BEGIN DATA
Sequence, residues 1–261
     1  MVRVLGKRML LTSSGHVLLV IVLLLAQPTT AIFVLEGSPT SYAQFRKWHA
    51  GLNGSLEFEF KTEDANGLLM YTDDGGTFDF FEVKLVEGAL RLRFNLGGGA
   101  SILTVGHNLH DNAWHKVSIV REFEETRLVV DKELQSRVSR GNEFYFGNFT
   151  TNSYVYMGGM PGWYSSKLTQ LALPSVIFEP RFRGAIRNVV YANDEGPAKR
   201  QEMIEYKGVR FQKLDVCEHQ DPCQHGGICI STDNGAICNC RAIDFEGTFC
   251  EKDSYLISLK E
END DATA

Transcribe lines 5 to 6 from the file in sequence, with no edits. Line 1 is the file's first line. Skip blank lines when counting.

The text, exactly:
   151  TNSYVYMGGM PGWYSSKLTQ LALPSVIFEP RFRGAIRNVV YANDEGPAKR
   201  QEMIEYKGVR FQKLDVCEHQ DPCQHGGICI STDNGAICNC RAIDFEGTFC